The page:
Senator Jim DeMint has an impressive record in the Senate. The Junior Senator from South Carolina’s main work since his election in 2005 has centered on opposing the increase of federal government spending, both under the Bush and Obama Administrations. He has been particularly hostile to bailouts for banks and other corporations. DeMint is also a vocal proponent of Right to Work laws and, as such, opposes the Employee Free Choice Act (EFCA) that would strip workers of secret ballot elections.
However, DeMint leaves much to be desired on social issues. According to the Charleston City Paper, “DeMint’s office has reasserted his commitment to a constitutional amendment banning gay marriage.” DeMint’s position is not particularly popular: only a small majority (54%) of gay marriage opponents favor amending the U.S. Constitution to ban gay marriage, according to a 2006 survey.
Opines the paper: “DeMint’s strong support for states rights, while also seeking federal involvement on gay marriage may be indicative of a larger struggle between the religious and libertarian elements of the Republican Party as it rebrands itself.”
So just like the Democrats, DeMint simply picks and chooses what issues he wants government to take an activist role in.
Gay marriage is just the most recent example of the social conservatives’ war on individual choice. And it is but one example of some social conservatives’ interest in nationalizing issues that should not be decided by the federal government.
A 2006 survey of 2,003 adults found that 55% prefer that abortion laws be decided at the national level rather than each state deciding for itself. This desire for a national policy prescription extends to other social issues, too. Despite growing antipathy toward Congress and low levels of trust in the federal government generally, majorities or pluralities also favored a national (rather than state-by-state) approach to policymaking on stem cell research, gay marriage and whether creationism should be taught in the schools along with evolution.
It isn’t just abortion and gay marriage where social conservatives want government to intervene. In 2006, the Family Research Council surveyed its members on immigration, and, by a ratio of 9 to 1, they believe illegal immigrants should be “detected, arrested and returned to their country of origin.”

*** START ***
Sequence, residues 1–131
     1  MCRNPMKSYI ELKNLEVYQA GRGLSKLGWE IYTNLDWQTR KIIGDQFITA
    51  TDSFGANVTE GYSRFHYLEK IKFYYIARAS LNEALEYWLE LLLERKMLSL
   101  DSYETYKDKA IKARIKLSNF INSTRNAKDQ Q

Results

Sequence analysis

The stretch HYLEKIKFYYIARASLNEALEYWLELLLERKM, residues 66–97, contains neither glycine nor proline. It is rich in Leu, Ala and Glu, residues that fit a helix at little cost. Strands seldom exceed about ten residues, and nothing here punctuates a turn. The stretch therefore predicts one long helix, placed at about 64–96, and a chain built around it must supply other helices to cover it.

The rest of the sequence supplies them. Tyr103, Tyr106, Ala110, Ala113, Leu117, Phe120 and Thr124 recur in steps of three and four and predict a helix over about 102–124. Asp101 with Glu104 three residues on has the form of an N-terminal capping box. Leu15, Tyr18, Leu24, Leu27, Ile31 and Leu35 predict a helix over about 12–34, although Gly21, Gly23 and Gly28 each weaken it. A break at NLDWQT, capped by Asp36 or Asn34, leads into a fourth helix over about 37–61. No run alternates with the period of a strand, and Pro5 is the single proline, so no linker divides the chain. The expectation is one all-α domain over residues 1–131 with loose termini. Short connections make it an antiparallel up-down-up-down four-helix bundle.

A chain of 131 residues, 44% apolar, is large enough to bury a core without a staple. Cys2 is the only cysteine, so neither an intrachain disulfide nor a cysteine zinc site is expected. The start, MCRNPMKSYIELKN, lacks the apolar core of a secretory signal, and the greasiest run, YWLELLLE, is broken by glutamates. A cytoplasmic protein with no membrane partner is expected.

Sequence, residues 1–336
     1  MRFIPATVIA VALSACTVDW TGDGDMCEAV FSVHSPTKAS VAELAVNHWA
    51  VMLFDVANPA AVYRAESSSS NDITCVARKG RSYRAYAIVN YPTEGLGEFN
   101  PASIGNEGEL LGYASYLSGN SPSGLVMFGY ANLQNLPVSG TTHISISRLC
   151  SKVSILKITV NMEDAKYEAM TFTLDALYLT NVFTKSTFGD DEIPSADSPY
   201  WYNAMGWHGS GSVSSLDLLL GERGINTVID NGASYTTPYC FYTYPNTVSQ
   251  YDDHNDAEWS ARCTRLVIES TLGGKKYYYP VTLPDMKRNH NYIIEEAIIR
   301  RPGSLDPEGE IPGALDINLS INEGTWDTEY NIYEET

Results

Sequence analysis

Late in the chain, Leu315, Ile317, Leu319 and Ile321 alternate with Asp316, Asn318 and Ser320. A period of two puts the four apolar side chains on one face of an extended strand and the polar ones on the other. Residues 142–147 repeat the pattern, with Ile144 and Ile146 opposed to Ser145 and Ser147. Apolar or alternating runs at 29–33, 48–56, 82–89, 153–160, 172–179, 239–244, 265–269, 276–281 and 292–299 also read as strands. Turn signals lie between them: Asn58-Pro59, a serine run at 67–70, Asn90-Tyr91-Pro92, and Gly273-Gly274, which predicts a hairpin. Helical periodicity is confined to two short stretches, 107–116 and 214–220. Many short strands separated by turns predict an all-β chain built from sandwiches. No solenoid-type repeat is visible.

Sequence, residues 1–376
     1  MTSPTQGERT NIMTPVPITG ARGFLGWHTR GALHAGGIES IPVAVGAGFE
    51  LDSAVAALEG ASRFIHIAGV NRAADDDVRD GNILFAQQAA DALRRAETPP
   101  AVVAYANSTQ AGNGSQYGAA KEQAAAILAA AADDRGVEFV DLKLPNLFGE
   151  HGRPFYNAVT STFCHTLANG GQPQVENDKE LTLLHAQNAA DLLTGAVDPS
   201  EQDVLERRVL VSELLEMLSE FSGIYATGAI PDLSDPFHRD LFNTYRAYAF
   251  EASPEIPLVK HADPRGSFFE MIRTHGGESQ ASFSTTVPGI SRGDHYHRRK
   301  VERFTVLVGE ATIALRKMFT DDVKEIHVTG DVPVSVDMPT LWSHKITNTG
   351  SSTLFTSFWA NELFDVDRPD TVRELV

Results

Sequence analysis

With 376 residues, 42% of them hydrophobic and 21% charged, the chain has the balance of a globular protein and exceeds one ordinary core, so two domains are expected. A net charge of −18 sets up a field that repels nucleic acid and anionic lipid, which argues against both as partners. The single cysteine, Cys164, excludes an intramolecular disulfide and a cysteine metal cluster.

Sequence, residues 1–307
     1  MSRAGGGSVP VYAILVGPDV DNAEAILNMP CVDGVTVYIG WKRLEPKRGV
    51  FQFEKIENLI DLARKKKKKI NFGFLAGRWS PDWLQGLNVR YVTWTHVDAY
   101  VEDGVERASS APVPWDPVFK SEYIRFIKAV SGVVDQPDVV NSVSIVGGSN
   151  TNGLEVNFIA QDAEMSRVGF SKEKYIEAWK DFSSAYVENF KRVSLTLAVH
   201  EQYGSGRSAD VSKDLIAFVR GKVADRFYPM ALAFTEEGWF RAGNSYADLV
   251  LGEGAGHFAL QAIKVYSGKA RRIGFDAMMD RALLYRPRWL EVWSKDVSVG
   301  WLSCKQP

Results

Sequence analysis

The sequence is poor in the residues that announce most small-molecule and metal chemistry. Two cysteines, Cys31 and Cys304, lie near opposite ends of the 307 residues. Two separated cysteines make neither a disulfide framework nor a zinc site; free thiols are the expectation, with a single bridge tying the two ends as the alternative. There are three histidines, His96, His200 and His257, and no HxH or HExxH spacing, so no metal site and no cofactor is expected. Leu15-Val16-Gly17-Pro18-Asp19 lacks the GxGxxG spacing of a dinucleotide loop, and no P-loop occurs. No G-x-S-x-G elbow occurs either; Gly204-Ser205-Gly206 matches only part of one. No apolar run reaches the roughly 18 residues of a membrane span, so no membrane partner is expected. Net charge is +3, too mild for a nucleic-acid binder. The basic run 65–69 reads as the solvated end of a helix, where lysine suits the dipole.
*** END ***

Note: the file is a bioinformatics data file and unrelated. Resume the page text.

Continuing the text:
I’m not saying that illegal immigration should be tolerated (it shouldn’t be) — although Congress has tolerated it for decades.
But a rational approach to the issue does not entail rounding up millions of people and sending them away.
A Pew poll from 2006, cited by the San Francisco Chronicle, found that two-thirds of white evangelicals consider new immigrants to be a burden and a threat to American culture. The poll didn’t even include the word ‘illegal’.
Some evangelicals seem to have massive problem with gays and immigrants — and they think the government can (and should) solve their concerns.
How about foreign policy?
Surely the religious right doesn’t want government to intervene there, right?
Unfortunately, that isn’t the case. In fact, it was with the blessing of many social conservatives who supported unwavering authority for the Bush Administration’s War in Iraq, detaining terrorist suspects without due process rights, and torture policies.
This despite the fact that Christian Just War Theory stresses necessary cause, right intention, last report, and legitimate authority when governments wage a war. And the fact that the Constitution requires Congress to authorize war powers.
Yet the small (quiet) group of Christian evangelicals who questioned the Bush Administration’s policies on Iraq and waterboarding were labeled unpatriotic, anti-American, and bad Christians.
Voltaire once said, “Of all religions, Christianity is without a doubt the one that should inspire tolerance the most.” Many Christians have been tolerant of others, and a few social conservatives have been able to align with libertarians via the Ron Paul movement.
Those Christians have stayed true to their principles while recognizing that government is not the solution to these complex social problems that plague society. They need to wake up their socially conservative, evangelical brethren to the fact that using government as a tool of social coercion is unethical–indeed, anti-religious.
“I never will by any word or act, bow to the shrine of intolerance,” said Thomas Jefferson.
Social conservatives need to practice a bit more tolerance and wake up to the fact that asking government to solve these social dilemmas is no different than activists on the left asking government for handouts.
And no different than giving whiskey and car keys to teenage boys.